The following three songs have been on my list of favorites for many years. It was Ewan MacColl, the Scottish balladeer, who first let me hear the pure emotional intensity of an unadorned human voice. He sang in a steady, rhythmic, musical line without accompaniment. His reedy tremolo coloration was the perfect compliment to these ancient narrative tales.


The battle of Harlaw took place on July 24, 1411, when an army of Highlanders led by Donald of the Isles was beaten by the Earl of Mar’s Lowland forces.

Child published 2 versions.

This version is from Jeannie Robertson of Dundee and Ewan MacColl.


I particularly like this one with its bagpipe-like ornaments. I can almost hear the low drones underneath during its seventeen verses.

Motherwell has suggested that this fine ballad my be based upon the events following the marriage of Margaret, daughter of Alexander III of Scotland to Eric, King of Norway in 1281. Many of the nobles who conducted the young queen to Norway were drowned on the return voyage.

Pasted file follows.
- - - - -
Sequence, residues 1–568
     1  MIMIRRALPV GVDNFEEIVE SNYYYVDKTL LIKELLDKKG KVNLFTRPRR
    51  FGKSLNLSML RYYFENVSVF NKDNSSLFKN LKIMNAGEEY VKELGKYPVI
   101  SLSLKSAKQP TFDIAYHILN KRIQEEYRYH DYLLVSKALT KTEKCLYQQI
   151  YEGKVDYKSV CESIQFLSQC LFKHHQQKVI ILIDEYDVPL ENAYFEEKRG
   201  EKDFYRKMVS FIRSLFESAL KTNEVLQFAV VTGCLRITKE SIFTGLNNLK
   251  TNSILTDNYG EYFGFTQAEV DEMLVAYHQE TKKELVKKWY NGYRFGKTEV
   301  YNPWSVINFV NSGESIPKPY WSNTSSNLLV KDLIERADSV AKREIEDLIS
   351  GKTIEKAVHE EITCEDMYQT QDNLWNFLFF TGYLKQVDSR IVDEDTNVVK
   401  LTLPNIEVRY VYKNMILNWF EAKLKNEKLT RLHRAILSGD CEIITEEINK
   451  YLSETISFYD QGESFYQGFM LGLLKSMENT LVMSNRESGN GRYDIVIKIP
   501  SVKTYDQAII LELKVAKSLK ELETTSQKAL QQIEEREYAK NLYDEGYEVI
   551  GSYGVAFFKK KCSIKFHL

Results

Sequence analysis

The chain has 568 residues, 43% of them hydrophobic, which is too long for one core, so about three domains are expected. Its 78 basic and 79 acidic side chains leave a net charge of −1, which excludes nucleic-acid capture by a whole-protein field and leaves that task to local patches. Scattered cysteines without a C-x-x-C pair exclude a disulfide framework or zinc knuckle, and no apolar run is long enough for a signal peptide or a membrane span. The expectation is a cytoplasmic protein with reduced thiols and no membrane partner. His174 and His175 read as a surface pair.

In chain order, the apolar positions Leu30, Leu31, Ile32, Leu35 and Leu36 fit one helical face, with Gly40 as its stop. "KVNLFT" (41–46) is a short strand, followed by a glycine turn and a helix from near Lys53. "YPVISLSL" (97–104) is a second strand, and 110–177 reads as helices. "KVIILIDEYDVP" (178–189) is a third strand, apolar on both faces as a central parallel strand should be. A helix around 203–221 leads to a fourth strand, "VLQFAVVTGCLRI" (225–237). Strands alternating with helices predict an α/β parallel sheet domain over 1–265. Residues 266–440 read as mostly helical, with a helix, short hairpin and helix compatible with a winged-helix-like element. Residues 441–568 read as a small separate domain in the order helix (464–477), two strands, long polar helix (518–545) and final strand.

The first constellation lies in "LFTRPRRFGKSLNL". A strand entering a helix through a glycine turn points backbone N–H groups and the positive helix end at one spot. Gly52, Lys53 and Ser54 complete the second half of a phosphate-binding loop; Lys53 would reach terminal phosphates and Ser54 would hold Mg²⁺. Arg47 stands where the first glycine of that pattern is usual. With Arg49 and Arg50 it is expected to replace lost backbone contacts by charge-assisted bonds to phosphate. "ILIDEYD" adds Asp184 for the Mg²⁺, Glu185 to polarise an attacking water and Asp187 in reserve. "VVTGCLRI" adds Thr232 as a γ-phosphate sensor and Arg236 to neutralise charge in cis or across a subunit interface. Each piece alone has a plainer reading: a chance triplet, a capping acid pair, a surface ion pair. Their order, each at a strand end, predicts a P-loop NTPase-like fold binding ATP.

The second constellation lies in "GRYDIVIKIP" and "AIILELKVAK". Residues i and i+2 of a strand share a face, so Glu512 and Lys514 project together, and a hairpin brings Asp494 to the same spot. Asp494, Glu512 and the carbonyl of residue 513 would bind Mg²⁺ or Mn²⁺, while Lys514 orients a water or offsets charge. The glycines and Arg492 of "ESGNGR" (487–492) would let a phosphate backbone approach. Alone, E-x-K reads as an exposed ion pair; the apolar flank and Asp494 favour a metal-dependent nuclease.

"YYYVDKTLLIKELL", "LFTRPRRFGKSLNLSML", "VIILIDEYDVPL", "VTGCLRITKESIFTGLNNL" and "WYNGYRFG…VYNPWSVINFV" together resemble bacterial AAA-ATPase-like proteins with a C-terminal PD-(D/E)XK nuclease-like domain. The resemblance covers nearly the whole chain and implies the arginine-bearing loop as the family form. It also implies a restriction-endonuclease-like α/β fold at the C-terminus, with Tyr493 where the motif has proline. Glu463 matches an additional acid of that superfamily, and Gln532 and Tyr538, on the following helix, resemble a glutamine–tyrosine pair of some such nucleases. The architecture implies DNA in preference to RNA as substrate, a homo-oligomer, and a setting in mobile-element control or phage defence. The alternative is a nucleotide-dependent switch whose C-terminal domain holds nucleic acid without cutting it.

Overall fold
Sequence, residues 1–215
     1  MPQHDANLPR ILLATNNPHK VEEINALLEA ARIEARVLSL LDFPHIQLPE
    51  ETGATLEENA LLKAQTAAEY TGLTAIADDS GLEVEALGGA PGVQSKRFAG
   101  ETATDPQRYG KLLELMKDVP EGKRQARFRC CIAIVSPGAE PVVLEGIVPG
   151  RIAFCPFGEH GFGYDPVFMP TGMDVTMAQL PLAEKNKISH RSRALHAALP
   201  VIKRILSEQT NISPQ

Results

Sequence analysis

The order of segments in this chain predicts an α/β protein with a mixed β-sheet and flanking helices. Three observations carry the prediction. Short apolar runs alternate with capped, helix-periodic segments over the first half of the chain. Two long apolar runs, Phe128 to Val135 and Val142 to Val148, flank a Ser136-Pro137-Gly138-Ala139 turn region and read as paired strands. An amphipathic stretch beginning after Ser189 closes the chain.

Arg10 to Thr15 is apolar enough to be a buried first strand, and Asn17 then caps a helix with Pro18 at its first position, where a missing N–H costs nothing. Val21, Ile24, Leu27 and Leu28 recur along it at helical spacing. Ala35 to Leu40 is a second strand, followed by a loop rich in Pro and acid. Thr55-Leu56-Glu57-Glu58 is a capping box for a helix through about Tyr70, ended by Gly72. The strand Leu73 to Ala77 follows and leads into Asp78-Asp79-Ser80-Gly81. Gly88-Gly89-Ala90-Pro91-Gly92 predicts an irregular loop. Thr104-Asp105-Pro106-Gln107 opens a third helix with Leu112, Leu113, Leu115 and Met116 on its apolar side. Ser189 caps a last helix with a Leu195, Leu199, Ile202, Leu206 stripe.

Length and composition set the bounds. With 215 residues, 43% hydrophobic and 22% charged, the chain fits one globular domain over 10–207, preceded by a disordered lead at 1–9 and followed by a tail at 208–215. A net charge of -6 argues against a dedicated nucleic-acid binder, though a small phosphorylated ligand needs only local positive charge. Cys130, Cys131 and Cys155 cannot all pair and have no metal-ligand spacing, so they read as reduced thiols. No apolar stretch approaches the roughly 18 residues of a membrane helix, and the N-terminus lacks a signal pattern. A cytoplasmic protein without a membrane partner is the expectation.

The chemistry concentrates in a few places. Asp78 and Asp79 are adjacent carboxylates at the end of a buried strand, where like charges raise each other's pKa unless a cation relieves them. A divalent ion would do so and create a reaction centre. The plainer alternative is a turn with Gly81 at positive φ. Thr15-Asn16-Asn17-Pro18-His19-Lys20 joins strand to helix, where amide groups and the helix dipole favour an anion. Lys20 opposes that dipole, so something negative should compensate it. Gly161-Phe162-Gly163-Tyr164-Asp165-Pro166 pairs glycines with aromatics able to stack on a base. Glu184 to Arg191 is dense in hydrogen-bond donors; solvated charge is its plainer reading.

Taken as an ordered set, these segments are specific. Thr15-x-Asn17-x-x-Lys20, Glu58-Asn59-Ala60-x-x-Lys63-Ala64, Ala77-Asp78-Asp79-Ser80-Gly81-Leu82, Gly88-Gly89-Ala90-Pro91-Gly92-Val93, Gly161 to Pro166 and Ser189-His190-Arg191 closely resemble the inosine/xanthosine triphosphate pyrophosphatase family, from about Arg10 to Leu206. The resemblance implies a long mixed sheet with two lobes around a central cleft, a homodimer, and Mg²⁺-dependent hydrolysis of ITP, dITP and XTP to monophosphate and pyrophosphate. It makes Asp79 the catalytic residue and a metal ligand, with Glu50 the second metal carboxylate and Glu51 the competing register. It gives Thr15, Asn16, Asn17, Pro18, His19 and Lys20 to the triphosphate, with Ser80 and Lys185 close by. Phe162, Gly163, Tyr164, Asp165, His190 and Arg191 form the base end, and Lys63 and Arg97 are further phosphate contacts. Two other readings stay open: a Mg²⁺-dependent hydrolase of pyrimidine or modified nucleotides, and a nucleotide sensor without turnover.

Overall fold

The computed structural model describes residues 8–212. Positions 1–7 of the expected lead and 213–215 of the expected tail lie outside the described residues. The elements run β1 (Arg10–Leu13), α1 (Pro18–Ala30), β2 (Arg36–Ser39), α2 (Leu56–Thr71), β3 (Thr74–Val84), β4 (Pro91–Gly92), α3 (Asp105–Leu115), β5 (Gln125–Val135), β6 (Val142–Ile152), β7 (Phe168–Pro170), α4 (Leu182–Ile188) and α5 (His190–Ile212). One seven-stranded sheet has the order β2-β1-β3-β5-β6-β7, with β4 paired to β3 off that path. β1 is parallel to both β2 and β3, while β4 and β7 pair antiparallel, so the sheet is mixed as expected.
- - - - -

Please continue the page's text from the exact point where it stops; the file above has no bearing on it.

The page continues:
Child publishes 18 versions of this ballad.

Ewan MacColl’s father taught it to him.


Known throughout Europe and America in substantially the same form, Randall is a perfect example of the question and answer ballad. The name of the hero varies a good deal from version to version.

Henry I of England (fourth son of William the Conqueror) died Dec 1, 1135 after a “surfeit of Lampreys” (eels – of which he was excessively fond) in Normandy.

Child publishes 15 texts.

Ewan MacColl’s mother taught it to him.

Musical direction, piano arrangements and accompaniment by Jason Martineau

Produced by Jason Martineau

Recorded and mixed December, 2009 at Fantasy Recording Studio, Berkeley, Calif.

Engineered by Alberto Hernandez